What is Yeast?
Yeast promotes alcoholic fermentation, consists largely of cells of a fungus (as the saccharomyces, Saccharomyces cerevisiae), and is used as a leavener in baking. It gives the characteristic flavor in bread and other yeast-leavened products. Dry, compressed, and cream yeast are all used in baked goods.
Yeast has three functional roles.
Carbon dioxide is generated as a result of the breakdown of fermentable sugars in the dough. The carbon dioxide creates gas bubbles in dough within the protein matrix allowing it to rise.
Dough maturation occurs by the chemical reaction of yeast-produced alcohols and acids on protein of the flour, and by the physical stretching of the protein by carbon dioxide gas. This results in the light, airy physical structure associated with yeast-leavened products.
It gives the characteristic flavor in bread and other yeast-leavened products. It is activated with moisture and carbohydrates. It is most active at 95-104 oF (35-40 oC) 1 and is inactivated at 131 oF (55 oC).
Compressed-yeast is similar to creamed yeast with most of its liquid removed, known as “cake yeast” in the consumer market. It has 30-34% total solids.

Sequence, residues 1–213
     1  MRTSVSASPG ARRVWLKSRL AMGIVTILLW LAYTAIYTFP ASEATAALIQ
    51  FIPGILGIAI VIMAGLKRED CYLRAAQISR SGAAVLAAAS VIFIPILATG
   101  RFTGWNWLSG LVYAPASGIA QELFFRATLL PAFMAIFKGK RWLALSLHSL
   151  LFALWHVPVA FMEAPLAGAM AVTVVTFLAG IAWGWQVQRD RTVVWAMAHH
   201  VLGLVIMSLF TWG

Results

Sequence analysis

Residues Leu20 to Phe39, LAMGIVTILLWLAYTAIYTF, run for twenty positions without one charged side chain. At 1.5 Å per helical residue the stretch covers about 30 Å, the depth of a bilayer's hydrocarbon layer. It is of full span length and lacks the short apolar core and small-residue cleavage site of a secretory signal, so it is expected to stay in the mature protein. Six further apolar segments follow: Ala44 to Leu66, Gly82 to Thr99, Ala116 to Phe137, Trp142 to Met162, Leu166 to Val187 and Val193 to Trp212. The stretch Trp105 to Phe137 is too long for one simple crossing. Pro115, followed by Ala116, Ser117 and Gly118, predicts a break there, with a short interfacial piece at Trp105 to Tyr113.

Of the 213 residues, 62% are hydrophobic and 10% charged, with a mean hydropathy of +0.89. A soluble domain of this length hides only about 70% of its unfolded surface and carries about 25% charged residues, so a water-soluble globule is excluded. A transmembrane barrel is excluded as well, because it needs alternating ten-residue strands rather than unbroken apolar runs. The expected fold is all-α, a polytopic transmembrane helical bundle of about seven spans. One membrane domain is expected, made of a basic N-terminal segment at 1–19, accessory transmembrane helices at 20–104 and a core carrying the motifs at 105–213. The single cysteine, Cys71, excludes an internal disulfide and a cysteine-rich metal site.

Dry-yeast is the most common to non-commercial bakers; usually needs to be rehydrated before use. a) Instant dry-yeast contains more live cells than b) active dry-yeast, which does not need to be rehydrated before use. c) Rapid Rise produces more carbon dioxide resulting in faster proofing, usually a form of instant dry yeast. It has at least 97% total solids.
Cream-yeast is a suspension of yeast cells in a liquid. Its primary use is in industrial bakeries with special high-volume dispensing and mixing equipment. It is not readily available to small bakeries or home cooks. It has 15-20% total solids.
Yeast production is a lengthy and multi-step process. It can be divided into four basic steps. In order, these steps are:
- Molasses and other raw material preparation.
- Culture or seed yeast preparation.
- Fermentation, harvesting and filtration.
- Packaging. This process takes approximately 5 days from start to finish.
- Cauvain, Stanley P., and Linda S. Young. Technology of Breadmaking. New York: Springer, 2007. P360.